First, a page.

In a recent article on Gores Guggenheim (NASDAQ:GGPI) stock, I focused mainly on its valuation angle. That is, the low implied valuation of its special purpose acquisition company merger with Polestar. This in turn made it a buy at current prices, and a screaming buy on further weakness.
But of course, valuation is just one part of the equation. As we know full well, stocks can be cheap for a reason. The market has its reasons to be skeptical about Polestar.
After all, it’s not just competing with Lucid (NASDAQ:LCID) and Tesla (NASDAQ:TSLA). Incumbent automakers, like Volkswagen (OTCMKTS:VWAGY) are rivals as well. Atop the risk of competition, there may be some concern about its China connection.
Yet is this a reason to stay away? Not so fast. It’s possible the market has focused too much on the negatives, and not enough on the positives.
Even when considering concerns/risks, Polestar is a promising EV startup. It’s an appealing opportunity, and not onlyy because it’s cheaper than peers.
GGPI Stock and Merger Target Polestar
You know the story about Lucid. Unless you’ve been living under a rock, you know the story behind Tesla. But what’s the story behind Sweden-based Polestar, which has become more well-known since its recent Super Bowl ad?
The company actually started off as a motor racing team. From there, it moved into producing prototype gas powered cars. Flash forward to 2015, and Volvo (OTCMKTS:VLVLY) buys it. In 2017, the famed Swedish automaker, along with its China-based corporate parent, Geely (OTCMKTS:GELYF), announced plans to turn Polestar into an EV-only brand.
Flash forward another five years, and it has scaled into an EV maker generating billions in annual sales. During 2021, it sold 29,000 vehicles That’s nearly three times what it sold in 2020.
As it ramps up output and its presence beyond Europe, it’s finding demand. Polestar’s models include its luxury couple Polestar 1 model, along with the Polestar 2, a sedan targeted at the mass affluent market.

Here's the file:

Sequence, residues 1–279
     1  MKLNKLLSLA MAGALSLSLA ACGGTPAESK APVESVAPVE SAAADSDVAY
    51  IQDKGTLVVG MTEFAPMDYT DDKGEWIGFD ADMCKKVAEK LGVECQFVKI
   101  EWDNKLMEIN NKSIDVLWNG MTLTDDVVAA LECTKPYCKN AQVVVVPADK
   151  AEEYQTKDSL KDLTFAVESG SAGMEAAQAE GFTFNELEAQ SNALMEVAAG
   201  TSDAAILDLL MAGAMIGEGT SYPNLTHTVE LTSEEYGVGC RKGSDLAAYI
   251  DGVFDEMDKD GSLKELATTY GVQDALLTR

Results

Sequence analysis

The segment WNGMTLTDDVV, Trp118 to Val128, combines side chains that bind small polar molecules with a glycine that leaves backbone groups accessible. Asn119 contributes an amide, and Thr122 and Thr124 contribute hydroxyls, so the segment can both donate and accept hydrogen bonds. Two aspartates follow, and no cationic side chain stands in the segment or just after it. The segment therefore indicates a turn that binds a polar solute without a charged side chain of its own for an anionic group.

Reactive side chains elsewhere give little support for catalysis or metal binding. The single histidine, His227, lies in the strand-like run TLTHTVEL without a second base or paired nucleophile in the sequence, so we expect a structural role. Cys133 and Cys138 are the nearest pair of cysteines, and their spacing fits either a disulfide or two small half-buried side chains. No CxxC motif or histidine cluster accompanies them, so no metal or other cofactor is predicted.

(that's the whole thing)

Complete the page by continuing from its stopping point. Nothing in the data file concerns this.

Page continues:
That said, I can understand why many are skeptical that it’s a potential “Tesla killer” and not just a “wannabe Tesla,” one of many now trading in the public markets. However, this take may not be warranted. Instead, the market may be too quickly declaring it an “also-ran,” when in reality it’s a contender.
Why Investor Concerns May be an Overreaction
Unlike other EV SPACs like Fisker (NYSE:FSR) and Lucid, so far GGPI stock has not made a big leap above its SPAC offering price ($10 per share).
Part of this may have to do with the fact that the deal announcement didn’t happen until the very tail end of the last big spike in EV stocks last November.
But that’s not the only reason why investors have been approaching it carefully. Rising competition in the EV market is a top concern. Especially as it’s only starting to make itself widely known in the U.S. There’s also been concern about the company’s ties to China.
Even so, the treatment of Polestar compared to Lucid and Tesla may be an overreaction. Over in Europe, the brand has already made a name for itself, resulting in billions worth of sales. Here in the U.S., its Super Bowl ad has helped to put it more on the spotlight.
While Chinese-owned, it’s a Swedish company. It does not have the auditing/delisting issues you see with Nio (NYSE:NIO) and other China EV plays.
It may be currently producing its vehicles over in China. Yet with plans to build vehicles for the North American market at a Volvo facility in South Carolina? I wouldn’t be too worried about any tariff/trade issues, either.
Bottom Line on Gores Guggenheim
Unless “EV Mania” returns, I don’t expect Gores Guggenheim to make a big bolt between now and when the Polestar deal closes. As I’ve stated in past coverage, it may move lower in the near term. Perhaps, back down below its $10 per share debut price.
Nevertheless, whether it moves higher, or lower, from here, you may want to choose it as your EV play. Backing from established automakers, plus its success over in Europe, points to a strong chance it finds success in the U.S. auto market as well.
Targeting the mass affluent with the Polestar 2, and soon the Polestar 3 SUV, it may just well hit its goal of making six-figure annual deliveries, and generating tens of billions worth of sales, all within a few years.
With its merger target a lot more promising than the market gives it credit, consider GGPI stock a buy.
On the date of publication, Thomas Niel did not have (either directly or indirectly) any positions in the securities mentioned in this article. The opinions expressed in this article are those of the writer, subject to the InvestorPlace.com Publishing Guidelines.
Thomas Niel, a contributor for InvestorPlace.com, has been writing single-stock analysis for web-based publications since 2016.